Sam Smith, gig review: 'Transforms mediocre songs into an effortless soul-pop performance'

Shepherd's Bush Empire, London

Click to follow
The Independent Culture

It’s almost like watching a man in the midst of an outer-body experience, such is the look of surprise stretched across Sam Smith’s face throughout his hour-long set at Shepherd’s Bush Empire.

Even he, it seems, is finding it hard to believe the reaction to the nation’s most unlikely new pop star as he smoothly negotiates his way through a clutch of material from his debut album, In The Lonely Hour, in front of a seething, largely female audience.

And, after promising opening performances from up-and-coming singer/songwriters Daniel James and Josh Record, he's in a good place before he starts.

Smith’s currently number one in the UK Singles Chart with “Money on my Mind”. Plus he’s just been honoured with the BRITs Critics Choice Award – an accolade previously won by the now hugely successful Ellie Goulding, Florence + The Machine and Jessie J.

“I can’t believe it, this is my favourite venue," he tells the crowd excitedly, following a seamless opening run backed by the full band and a flanked by a gaggle of gospel singers. “I saw a singer called Lily Allen here once, right up in the back seats there. Yeah. They’re sh*t seats, so I thought I’d leave you all chocolates.”

"Aw"s and "So sweet"s and shoulder shrugs ensue (the location of said chocolates remains a mystery throughout). But his boyish gestures - and even more boyish appearance - are at odds with one thing, his voice; a richly tonal instrument with a pitch-perfect high-end and a rare soulful quality that few so young possess.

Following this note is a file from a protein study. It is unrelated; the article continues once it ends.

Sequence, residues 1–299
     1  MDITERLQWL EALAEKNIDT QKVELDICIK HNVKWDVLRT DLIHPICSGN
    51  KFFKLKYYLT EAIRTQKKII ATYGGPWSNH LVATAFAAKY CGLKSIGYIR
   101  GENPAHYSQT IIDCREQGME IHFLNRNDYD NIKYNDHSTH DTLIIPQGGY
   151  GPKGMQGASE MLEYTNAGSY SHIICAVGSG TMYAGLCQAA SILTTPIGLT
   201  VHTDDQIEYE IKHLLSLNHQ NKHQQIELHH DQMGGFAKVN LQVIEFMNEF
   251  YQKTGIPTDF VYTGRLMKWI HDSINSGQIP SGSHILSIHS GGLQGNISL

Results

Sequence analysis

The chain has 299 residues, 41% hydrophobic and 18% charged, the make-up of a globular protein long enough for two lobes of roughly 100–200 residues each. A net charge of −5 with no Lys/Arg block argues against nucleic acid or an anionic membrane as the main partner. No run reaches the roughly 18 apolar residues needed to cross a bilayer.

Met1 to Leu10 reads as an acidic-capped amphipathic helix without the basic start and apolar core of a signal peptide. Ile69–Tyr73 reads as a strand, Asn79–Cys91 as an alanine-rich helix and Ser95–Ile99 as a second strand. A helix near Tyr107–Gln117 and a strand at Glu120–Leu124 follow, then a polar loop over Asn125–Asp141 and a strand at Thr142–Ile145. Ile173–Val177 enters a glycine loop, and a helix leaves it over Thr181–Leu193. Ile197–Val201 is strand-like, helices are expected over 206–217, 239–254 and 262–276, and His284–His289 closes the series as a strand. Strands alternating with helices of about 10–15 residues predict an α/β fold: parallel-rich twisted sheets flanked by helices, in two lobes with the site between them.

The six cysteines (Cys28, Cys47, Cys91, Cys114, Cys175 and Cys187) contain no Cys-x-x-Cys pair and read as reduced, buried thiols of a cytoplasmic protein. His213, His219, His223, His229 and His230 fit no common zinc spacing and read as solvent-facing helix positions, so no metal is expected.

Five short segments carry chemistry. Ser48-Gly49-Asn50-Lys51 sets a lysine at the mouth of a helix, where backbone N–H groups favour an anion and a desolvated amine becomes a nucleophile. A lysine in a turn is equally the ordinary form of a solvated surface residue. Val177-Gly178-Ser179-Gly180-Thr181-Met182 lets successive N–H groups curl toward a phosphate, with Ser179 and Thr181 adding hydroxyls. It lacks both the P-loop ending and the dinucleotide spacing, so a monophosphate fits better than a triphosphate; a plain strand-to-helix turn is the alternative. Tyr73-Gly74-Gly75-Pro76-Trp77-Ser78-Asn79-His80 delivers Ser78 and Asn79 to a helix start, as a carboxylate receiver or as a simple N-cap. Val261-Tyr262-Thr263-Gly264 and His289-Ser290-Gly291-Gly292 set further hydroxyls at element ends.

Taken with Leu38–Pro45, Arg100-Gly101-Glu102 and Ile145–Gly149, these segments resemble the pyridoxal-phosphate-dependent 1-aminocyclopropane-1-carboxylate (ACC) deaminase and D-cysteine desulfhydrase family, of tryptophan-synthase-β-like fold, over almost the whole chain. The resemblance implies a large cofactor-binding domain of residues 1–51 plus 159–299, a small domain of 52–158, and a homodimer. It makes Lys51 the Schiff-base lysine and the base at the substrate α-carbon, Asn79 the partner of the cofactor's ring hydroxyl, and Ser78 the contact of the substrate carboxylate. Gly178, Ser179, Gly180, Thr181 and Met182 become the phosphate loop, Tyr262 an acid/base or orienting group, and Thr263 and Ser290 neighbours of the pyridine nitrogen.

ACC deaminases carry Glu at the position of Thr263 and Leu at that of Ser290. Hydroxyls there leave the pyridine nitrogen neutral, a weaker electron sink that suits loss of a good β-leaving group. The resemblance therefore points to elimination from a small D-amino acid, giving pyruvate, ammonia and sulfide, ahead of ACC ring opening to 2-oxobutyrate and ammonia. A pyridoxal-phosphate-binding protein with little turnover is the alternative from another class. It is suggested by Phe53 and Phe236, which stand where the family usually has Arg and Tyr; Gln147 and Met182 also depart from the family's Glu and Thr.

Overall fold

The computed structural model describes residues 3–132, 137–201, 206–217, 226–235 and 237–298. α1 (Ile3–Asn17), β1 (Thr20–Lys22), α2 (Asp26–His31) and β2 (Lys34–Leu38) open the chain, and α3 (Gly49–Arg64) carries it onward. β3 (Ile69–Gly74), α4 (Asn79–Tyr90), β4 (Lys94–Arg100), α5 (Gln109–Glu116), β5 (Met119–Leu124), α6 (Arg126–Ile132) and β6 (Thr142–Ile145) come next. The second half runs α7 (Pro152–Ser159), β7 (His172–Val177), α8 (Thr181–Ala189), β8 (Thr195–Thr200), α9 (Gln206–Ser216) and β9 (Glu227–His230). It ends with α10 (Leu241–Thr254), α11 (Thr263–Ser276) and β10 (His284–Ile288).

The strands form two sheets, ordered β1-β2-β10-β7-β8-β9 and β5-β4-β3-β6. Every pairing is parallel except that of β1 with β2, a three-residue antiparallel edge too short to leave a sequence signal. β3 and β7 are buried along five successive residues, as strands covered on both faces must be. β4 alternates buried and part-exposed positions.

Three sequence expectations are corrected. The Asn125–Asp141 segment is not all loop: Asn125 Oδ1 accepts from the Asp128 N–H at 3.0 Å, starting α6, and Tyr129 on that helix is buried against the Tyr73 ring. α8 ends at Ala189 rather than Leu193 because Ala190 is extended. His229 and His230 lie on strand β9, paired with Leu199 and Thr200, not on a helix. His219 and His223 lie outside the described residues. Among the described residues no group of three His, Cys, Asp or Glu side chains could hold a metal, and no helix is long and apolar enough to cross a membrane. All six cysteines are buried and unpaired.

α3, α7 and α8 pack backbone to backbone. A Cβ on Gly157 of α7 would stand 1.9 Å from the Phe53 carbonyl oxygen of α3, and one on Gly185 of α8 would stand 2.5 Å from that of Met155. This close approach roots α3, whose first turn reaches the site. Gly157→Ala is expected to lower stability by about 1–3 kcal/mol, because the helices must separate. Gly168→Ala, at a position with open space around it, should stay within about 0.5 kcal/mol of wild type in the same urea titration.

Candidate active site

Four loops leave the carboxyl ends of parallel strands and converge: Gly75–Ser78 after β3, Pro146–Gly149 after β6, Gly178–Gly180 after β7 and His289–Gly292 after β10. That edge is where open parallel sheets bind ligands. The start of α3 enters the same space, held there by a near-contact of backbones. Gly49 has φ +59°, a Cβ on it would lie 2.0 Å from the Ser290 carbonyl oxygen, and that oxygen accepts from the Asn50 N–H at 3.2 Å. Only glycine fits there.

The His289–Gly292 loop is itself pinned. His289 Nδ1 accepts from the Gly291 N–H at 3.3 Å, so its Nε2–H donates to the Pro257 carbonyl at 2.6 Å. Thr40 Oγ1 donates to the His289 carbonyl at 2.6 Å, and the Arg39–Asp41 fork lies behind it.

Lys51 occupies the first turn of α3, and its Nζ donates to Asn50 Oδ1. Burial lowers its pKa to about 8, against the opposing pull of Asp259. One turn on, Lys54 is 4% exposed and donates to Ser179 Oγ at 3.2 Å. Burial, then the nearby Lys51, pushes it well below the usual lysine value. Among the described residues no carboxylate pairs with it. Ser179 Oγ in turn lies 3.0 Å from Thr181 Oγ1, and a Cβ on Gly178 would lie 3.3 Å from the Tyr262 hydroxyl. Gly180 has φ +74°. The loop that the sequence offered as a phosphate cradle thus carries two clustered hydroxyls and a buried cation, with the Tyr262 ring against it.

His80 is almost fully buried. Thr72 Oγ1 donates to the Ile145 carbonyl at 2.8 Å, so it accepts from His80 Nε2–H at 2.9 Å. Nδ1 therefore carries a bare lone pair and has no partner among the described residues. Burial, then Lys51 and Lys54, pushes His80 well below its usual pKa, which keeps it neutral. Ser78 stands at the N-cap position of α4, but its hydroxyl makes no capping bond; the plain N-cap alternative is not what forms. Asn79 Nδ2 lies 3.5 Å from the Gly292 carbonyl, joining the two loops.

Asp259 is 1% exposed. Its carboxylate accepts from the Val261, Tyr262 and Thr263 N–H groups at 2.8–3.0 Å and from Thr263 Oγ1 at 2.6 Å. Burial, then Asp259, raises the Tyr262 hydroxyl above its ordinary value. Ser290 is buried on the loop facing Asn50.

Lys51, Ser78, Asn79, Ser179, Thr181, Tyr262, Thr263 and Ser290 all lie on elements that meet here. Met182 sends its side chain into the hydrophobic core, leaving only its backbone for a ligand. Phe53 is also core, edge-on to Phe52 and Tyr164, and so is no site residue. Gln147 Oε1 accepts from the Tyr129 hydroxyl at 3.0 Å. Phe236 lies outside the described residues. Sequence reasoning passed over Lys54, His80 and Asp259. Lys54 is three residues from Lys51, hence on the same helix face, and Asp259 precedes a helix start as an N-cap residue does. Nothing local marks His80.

Sam Smith with his Critics' Choice Award

And it’s this that sees him transform what are – with the exception of “La La La”, “Lay Me Down” and a down-tempo version of Disclosure collaboration “Latch” – a mediocre collection of songs into a tight and effortless soul-pop performance that far belies his 21 years.

Even the most stubborn of audience members find themselves two-stepping in the far seats during album track “Like I Can”, while the snapping bass of “Crawling Back To You” sparked a fresh wave of participation from the stalls. And, by the time he re-emerges for the encore (“Lay Me Down” and new single, “Stay With Me”) it’s clear he’s won the majority over.

What he might lack in experience (“How do I write love songs when I’ve never been in love?” he questions at the start of slow number “Not In That Way”) he makes up for in sheer talent. Now he just needs the tunes to go with it.